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Courts can tell lies; only press must be true

Maybe, as the ancient Greeks wrote, even God can’t change the past. But who needs God when you’ve got Connecticut’s General Assembly and Judicial Department? For they long have enacted and enforced laws to conceal arrest and court records and even to allow people to swear under oath that they have never been arrested, though they have been.

It’s a consequence of society’s schizophrenia about crime and state government’s failure to appropriate money equal to the crime it has legislated. For there’s only as much crime as government wants to have, only as much as it defines.

On some days elected officials want to get tough on crime, defining more offenses and requiring more severe punishments. On other days they are shamed by the damage the law does to criminal defendants and want to reduce it.

There is a kernel of fairness here. People who have been acquitted or accused but not convicted should not be presumed guilty, though of course they often are, and the public, largely indifferent to due process of law, may assume that mere arrest is as good as guilt.

But in Connecticut that assumption is usually correct, and it is encouraged by the failure of the criminal-justice system to deliver a clear resolution in most cases, since nearly all cases end inconclusively: in expiration of the time allowed to prosecute (13 months from the prosecution’s filing a “nolle,” a decision not to prosecute but not to drop the charges either); in shady plea bargains that, sometimes in exchange for testimony helpful in prosecuting someone else, discount the charges brought by the police; and probationary devices that not only fail to find guilt or innocence but also put the record of a case beyond public review, devices like the pre-trial probation euphemistically named “accelerated rehabilitation.”

Any observer taking these judicial outcomes seriously would have to conclude that most arrests in Connecticut are mistaken or grossly overstated and that the police are overwhelmingly incompetent or vicious. Thus by default the reports of Connecticut’s news organizations have become the best available records of crime.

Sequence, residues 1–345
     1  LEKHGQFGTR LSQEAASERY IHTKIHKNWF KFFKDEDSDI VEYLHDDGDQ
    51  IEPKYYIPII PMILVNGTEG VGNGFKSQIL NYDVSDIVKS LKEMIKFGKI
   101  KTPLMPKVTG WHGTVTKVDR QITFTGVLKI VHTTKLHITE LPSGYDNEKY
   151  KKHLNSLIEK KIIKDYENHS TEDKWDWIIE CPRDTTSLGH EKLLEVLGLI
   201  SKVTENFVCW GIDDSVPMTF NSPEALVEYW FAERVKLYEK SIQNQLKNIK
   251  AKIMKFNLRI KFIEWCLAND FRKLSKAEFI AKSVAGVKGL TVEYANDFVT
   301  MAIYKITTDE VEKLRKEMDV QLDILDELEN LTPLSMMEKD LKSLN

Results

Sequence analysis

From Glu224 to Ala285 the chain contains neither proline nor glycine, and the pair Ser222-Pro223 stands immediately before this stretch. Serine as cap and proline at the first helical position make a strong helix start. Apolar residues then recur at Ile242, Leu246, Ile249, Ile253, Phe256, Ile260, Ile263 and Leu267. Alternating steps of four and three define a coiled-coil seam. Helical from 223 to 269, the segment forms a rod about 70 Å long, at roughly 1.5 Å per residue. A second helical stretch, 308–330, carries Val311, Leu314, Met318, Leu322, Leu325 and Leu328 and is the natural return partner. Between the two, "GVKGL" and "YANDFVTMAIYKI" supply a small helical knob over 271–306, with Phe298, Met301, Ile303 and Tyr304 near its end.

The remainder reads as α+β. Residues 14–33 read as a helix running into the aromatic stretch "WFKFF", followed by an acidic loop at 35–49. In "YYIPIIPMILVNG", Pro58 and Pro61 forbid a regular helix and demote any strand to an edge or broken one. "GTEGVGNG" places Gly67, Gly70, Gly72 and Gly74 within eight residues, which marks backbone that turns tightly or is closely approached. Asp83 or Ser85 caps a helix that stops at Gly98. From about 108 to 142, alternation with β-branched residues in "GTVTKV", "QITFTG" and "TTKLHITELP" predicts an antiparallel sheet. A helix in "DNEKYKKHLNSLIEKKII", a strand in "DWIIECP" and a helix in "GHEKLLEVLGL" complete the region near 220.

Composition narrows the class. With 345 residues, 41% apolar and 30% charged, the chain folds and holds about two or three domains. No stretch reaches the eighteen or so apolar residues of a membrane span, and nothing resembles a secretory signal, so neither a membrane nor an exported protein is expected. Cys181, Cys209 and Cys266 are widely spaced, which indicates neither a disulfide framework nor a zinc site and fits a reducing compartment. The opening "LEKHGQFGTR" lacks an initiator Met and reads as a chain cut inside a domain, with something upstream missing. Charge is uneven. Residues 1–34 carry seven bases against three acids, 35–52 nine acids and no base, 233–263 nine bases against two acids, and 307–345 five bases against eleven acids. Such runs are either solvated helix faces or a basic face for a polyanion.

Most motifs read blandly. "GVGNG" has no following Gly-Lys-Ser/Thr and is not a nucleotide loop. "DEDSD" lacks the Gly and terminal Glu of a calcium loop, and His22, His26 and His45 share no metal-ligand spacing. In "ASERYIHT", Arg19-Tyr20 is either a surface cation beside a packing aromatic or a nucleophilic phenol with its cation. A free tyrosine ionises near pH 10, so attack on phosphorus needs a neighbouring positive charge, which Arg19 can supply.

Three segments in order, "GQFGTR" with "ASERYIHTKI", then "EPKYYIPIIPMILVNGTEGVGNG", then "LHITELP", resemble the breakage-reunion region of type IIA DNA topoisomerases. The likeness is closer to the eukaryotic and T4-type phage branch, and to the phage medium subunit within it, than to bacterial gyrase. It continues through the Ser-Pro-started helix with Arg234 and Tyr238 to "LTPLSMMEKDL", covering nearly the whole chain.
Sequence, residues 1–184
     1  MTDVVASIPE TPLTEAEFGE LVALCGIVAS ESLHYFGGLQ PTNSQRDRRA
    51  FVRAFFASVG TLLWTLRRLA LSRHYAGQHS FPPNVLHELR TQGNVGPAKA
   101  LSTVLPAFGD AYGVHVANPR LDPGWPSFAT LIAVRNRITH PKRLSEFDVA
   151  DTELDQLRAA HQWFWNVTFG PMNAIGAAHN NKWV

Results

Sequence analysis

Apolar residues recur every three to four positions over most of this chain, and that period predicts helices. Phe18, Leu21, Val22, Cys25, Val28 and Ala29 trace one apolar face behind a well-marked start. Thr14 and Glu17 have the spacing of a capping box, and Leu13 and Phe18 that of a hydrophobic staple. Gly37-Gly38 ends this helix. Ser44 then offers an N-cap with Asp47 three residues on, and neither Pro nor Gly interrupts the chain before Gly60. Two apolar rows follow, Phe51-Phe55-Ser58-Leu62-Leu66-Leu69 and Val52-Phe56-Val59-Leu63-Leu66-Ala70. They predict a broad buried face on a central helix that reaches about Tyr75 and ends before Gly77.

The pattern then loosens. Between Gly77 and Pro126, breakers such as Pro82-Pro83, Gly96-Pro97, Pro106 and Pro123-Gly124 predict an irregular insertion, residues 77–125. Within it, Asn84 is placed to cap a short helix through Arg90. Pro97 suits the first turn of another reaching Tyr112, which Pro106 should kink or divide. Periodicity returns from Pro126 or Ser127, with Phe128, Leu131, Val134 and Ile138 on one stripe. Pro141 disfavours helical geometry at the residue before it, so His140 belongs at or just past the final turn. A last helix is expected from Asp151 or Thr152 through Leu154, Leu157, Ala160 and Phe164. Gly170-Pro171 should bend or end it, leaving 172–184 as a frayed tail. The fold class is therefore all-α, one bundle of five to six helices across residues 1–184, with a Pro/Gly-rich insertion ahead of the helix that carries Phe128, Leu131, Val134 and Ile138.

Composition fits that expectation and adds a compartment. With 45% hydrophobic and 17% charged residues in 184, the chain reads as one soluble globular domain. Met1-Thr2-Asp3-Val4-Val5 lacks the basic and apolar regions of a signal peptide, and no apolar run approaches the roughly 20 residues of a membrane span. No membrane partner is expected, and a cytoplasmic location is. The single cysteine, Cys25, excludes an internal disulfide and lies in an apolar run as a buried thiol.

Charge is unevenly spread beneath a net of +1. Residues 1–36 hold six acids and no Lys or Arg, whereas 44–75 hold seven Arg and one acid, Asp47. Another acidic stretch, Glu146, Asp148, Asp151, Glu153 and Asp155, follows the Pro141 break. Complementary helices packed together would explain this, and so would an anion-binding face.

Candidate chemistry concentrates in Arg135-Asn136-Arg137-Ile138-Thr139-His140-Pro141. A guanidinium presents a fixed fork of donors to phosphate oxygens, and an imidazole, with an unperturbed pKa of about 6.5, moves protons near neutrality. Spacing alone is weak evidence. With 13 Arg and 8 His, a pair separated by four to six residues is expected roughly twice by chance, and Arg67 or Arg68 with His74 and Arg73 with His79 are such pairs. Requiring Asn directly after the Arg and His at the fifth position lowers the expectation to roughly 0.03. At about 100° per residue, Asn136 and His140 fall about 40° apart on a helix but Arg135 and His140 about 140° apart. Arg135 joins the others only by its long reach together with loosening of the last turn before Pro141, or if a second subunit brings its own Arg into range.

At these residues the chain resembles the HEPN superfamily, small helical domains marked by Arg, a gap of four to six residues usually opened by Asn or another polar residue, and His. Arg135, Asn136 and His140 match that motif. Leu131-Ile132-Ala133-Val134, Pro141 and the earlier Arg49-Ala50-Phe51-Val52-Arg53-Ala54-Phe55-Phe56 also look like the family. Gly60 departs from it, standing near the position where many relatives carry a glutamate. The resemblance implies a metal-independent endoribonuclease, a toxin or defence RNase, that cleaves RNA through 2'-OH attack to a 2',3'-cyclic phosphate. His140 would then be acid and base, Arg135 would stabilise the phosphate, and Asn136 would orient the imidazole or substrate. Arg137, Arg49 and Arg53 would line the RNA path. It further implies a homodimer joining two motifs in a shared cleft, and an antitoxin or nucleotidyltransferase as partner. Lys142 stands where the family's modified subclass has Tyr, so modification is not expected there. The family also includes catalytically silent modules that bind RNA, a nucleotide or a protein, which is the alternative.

As a result many criminal defendants, including some who have been squarely convicted, are now so shameless that they demand that news organizations remove arrest reports from their Internet sites, since the accessibility of arrest and conviction information impairs people’s employability and social lives — as well it should.

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A Greenwich woman arrested on drug charges in 2010 has even been suing the news organizations that reported her arrest, on the grounds that their reports became falsely defamatory when the prosecution let the charges against her expire after 13 months. Last week a federal appeals court rejected her claim, holding that while Connecticut’s criminal records concealment law creates “legal fictions” by pretending that certain events didn’t happen, the law “cannot undo historical facts to convert once true facts into falsehoods.”

That is, in Connecticut fiction is permissible for the criminal justice system. Only news organizations must stick to the truth.

Of course this doesn’t mean that all arrest information provided by police and reported by news organizations is accurate, just that news organizations have the absolute and constitutional right to report arrests — and indeed that they must report arrests lest police gain the totalitarian power to make secret arrests.

Short of the public’s appreciating due process of law more, there’s no perfect solution here. But two changes might make criminal justice in Connecticut a lot more honest.

Nonessential criminal laws, especially those involving drug offenses without a victim, could be repealed. And probation concealing criminal records could require a defendant to admit that he did something wrong, if not everything he was accused of, with “accelerated rehabilitation” being stripped of euphemism and renamed “let off.”

Chris Powell is managing editor of the Journal Inquirer in Manchester.